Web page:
The result was workable but... far from adequate according to her insurmountably high personal standards. Yet, where her talents did shine was in how she wordlessly started another waterskin, showing she had effortlessly memorized the steps that needed to be taken even as she started to struggle through the execution of the second attempt.

"Us learning everything on our own is unrealistic," Velameestra replied, her eyes focused on trying to wriggle the cord through a newly pierced hole. "Mages wouldn't bother dealing with other mages otherwise. Innovation is birthed upon the idea of building upon the findings of others, improving, and then transferring that onward to--"

She cut herself off, realizing that the beginnings of her tangent ultimately didn't apply to the compliment that her father had offered. The tips of her ears turned pink again. "...What I meant is I'm sure you'll always have something to teach."

She fell silent for a moment, distinctly grateful for something to do with her hands as she continued to work the cord in and out. Her eyes flickered over to the other elf, and she watched Lirath's hands as she tried to piece together the motions he was using to maneuver the cord so easily. Her mind went back to the look she had caught earlier, and her lips tightened.

"...I actually wanted to..."

She trailed off, her brow furrowing and her hands ceasing their motion as she tried to sort out the best words to use. She opened her mouth and closed it again, her eyes falling to the ground in thought before she finally sighed.

"I caught your look. I did a few days ago too. You're not scared of me, are you?"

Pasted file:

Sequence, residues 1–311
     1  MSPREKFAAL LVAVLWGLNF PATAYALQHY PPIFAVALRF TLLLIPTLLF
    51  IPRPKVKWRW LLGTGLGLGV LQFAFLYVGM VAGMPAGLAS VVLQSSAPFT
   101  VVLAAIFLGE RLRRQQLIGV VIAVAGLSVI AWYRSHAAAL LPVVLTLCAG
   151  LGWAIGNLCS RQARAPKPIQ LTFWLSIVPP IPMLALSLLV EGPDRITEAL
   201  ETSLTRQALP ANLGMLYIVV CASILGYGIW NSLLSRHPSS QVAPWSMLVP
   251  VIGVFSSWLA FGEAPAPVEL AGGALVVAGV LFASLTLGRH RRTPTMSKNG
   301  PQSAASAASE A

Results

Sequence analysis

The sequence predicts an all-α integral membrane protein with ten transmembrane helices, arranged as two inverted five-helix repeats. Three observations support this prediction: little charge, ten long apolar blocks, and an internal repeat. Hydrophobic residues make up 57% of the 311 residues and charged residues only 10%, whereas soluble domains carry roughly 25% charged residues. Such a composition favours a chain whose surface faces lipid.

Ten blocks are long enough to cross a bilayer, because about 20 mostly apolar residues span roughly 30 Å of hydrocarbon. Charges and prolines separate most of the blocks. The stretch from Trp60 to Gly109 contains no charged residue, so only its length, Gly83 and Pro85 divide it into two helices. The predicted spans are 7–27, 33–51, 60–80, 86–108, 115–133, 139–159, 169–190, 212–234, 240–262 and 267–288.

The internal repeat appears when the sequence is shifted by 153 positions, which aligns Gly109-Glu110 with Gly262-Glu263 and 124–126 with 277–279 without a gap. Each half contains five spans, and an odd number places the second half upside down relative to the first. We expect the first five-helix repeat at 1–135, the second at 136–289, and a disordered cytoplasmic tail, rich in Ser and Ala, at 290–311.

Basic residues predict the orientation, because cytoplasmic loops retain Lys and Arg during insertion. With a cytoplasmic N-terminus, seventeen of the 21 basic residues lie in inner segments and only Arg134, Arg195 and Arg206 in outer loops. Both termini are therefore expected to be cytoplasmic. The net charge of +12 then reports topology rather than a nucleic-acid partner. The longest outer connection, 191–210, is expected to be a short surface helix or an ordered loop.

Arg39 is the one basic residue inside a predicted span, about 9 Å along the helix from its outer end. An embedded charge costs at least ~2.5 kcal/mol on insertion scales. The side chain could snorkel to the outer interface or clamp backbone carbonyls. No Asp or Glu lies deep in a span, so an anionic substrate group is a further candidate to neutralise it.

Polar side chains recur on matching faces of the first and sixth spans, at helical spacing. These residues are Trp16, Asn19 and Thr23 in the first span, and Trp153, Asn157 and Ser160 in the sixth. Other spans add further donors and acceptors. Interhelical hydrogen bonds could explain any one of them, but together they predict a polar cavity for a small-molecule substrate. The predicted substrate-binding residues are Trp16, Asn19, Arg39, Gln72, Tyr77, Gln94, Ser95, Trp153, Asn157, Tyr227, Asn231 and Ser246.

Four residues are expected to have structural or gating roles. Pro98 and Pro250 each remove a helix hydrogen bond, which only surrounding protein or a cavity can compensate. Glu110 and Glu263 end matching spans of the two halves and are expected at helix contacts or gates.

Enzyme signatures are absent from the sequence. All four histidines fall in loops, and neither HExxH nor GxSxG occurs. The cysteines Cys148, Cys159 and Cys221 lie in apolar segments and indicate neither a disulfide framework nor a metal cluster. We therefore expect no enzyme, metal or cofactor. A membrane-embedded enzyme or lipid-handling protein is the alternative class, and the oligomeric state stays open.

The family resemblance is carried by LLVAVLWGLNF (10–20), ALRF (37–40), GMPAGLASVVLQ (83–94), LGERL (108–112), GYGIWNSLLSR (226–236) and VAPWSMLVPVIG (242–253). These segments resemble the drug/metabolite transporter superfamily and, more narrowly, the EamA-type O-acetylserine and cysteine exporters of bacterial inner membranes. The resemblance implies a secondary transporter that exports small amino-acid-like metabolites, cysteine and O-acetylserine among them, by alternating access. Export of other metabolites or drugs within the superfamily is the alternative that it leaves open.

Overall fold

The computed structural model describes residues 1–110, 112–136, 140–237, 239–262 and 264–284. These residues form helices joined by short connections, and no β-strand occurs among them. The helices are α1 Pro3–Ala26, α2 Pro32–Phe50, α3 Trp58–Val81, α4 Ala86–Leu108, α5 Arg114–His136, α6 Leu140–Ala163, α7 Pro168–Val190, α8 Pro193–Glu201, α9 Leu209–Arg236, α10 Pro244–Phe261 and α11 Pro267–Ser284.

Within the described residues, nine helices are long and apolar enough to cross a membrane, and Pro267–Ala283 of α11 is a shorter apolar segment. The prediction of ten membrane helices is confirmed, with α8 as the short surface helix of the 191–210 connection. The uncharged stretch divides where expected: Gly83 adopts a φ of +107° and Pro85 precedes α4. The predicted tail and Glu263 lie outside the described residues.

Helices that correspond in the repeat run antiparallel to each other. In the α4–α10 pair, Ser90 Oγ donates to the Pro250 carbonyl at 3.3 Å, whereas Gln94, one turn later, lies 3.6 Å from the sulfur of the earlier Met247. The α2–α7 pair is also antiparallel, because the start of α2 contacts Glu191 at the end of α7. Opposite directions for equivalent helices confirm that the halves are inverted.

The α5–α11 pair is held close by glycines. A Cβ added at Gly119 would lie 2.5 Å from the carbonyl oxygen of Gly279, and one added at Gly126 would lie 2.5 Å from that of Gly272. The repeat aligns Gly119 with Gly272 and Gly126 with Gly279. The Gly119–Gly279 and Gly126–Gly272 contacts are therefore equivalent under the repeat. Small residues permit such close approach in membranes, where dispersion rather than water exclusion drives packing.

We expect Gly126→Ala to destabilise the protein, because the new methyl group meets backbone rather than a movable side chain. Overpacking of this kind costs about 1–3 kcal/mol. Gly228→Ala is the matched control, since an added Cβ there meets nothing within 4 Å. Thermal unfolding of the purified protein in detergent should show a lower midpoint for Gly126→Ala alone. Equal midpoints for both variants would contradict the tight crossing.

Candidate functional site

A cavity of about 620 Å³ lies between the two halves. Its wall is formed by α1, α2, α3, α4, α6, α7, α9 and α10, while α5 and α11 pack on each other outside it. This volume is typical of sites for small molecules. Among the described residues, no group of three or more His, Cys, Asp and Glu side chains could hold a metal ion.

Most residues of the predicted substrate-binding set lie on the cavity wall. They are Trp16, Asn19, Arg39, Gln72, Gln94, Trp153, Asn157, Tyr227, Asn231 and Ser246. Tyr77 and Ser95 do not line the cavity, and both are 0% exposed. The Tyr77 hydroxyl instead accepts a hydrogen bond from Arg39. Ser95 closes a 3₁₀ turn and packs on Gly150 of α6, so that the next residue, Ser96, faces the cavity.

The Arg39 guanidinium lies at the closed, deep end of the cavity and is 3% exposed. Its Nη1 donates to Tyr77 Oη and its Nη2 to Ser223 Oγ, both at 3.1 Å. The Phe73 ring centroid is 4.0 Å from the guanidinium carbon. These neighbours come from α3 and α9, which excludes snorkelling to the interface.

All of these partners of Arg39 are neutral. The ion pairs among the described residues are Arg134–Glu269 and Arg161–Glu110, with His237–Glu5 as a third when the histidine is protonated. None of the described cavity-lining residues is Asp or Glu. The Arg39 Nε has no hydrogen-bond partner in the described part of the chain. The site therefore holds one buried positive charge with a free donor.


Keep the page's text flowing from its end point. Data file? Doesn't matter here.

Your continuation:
Lirath's heart sank, and he gasped quietly in shock.  "What?  No, no.  That's not it at all.  I'm sorry, Vel.  I didn't mean to be rude.  It's just that, well, with everything that's happened, and with..."

He trailed off.  His shoulders sank and his gaze fell to the floor between them.

"...You look so much like her."

He shook his head slowly and deliberately.  He drew a lock of hair from his face and glanced back up at his daughter, the quiet fear she had seen in his eyes now plain across his face.

"And these last few months... they've shown me that I won't be able to protect you or Gil from everything.  I'm... afraid for you.  For what happened with the Sunwell, and... your eyes.  That storm you created...  A father's supposed to have the strength to shield his kids from suffering, but there was nothing I could do to stop any of this from happening to you."

Lirath sighed and shrugged his shoulders.  "I guess I just wish there was more I could do.  Something I could do to help you and your brother.  I feel so powerless, and... and I don't want to lose you..

...Like I lost your mother."

She swallowed. Ordinarily, the mage was confident that her heart would be racing, beating quickly enough that she could feel the blood rushing in her ears, but she didn’t feel the expected sensation.

Her heart didn’t beat that fast anymore.

Once again at a loss for words, her project came to rest on her lap, and she chewed on her bottom lip. The elf was looking straight ahead, watching others move through the courtyard, though no one paid the pair of them any heed.

“...I don't either,” she said finally. “I’ve been scared too. You almost died. Uther did die... despite everything I've done... how far I've...”


She fell silent again, and subconsciously began to twist the elegant silver ring on her right hand. Her lips tightened, and she swallowed the lump in her throat before she finally brought herself to look at her father out of the corner of her eye.

“...Maybe I should have told you last time we talked about it. When I...explained the hex. Before we went back to Silvermoon. I didn’t want you to…”

She trailed off into a shaky sigh. Kilnar had been much easier to speak on the matter to, but in that moment, it had been as much of a strategic play as a genuine wish to inform her.

Her father, meanwhile, was a perfect mirror of the hurt she tried so hard to bury, but was instead now laid bare in the fear in Lirath's eyes.

“She’s not gone, ann’da. Not permanently."

Lirath froze.  He heard his daughter's word, processed what he thought she meant.  His cocked his head curiously in a familiar way.

"What... do you mean, Vel?  The hex... it drained her of her strength.  There was nothing that magic could do to stop it, and not for lack of trying."

He blinked.


Users browsing this thread:
1 Guest(s)